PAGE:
During high school I was super desirous to make a 4.0. I was obsessed with grades and lost a lot of joy by worry. I would tell myself to enjoy the moments more and not worry so much over high school perfection. I missed out of a lot of friend time and relationship building time as I was so focused on grades. I do believe that grades and studies are important, however, my obsession with them did more harm than good as I am learning now how to befriend others and feel comfortable in groups. I believe my transition to college would have been so much easier had I worked on social skills a bit more. My grades are still important, but I am learning that the time I spend with others, caring about their needs and interests is making me a better person. People should have been more of a priority in my life. I believe that rubbing shoulders with others have sharpened me as an individual and I have grown much through the relationships with my peers as well as the professors I have befriended.
One thing that I would stress in deciding on the right college for you is to make sure that you know what you're getting into financially, and relating to the distance from your home. My college is 7 hours away from my home and is more expensive than I realized when trying to choose where I would spend four years studying. I wish that someone had told me, or made me more aware of the overall cost of college prior to my enrollment. I would also possibly recommend attending a community college for a year or two before going to a four-year school if money is an issue for you like it is for me. In addition to the idea of community college there are also so many options for CLEP tests that I never realized until it was too late. Take advantage of those options if you can in any way. In addition to the financial stress of paying for college, being 7 hours away from my family and friends made things even more intensely stressed. So, just be sure you know what you are getting into!
I would try and beat it into myself to take my education seriously, every single day of classes, and to really focus on my work. As a high school senior, I didn't really think about college other than where I would end up going in the fall. My freshman year came and went; I look back on it and see that I could have put so much more effort into my studies. I would also tell myself to calm down about leaving home without my family and friends to help me. I'd reassure myself that new friends were waiting there for me and were just as nervous as I was. Another thing I would say to myself is to keep going even when your world seems to crumble. College, and life in general, is hard; It takes endurance, diligence, and faith to get through the tough times, but it is very possible. But most importantly, I would tell myself to have fun and broaden my horizons; I'd urge myself to meet as meet many new people and to mature into the person I was meant to be, enjoying every minute of it.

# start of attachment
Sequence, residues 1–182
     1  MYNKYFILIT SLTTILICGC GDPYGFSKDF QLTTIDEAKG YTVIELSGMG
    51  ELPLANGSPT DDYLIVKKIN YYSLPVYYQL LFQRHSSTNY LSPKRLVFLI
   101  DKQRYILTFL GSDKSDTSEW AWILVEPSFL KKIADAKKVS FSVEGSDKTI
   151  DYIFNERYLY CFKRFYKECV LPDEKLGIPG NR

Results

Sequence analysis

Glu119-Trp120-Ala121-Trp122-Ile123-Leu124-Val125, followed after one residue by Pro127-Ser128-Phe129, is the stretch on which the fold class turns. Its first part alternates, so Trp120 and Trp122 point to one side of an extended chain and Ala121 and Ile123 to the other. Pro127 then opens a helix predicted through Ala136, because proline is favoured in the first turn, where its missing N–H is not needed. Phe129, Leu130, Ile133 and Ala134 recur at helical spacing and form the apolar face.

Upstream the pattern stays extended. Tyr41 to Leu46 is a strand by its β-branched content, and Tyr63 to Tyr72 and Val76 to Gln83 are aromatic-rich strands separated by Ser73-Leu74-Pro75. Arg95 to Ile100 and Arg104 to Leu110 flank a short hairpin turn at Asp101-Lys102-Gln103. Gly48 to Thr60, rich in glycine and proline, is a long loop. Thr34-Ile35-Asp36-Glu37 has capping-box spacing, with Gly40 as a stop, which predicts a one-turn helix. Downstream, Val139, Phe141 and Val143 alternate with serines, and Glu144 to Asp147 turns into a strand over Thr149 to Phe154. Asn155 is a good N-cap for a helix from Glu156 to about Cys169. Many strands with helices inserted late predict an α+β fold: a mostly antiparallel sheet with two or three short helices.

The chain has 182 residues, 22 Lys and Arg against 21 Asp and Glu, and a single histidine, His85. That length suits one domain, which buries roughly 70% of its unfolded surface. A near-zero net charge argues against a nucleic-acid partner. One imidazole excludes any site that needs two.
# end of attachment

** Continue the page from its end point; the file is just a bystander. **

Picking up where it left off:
If I could go back in time and talk to myself as a high school senior, I wouldn’t say much but would rather listen to what my high school self would say to me. The reason behind this is that I would be very interested in knowing exactly what was motivating me back then to make me who I am today. I would listen to what pushes him to look for better things in life when good isn’t good enough. I would ask about the mindset that he had and how it led him to success. I would ask why simple things such as respect, loyalty, and responsibility mattered so much to him even though he never had much of anything to do with anyone. I would ask myself these questions because it is too often that we forget who we are and what made us into who we are today. In regards to this, I look back at myself today and thank that high school senior for doing his best to prepare me for the position that I am currently in. And that would be exactly what I would say to myself, “Thank You.”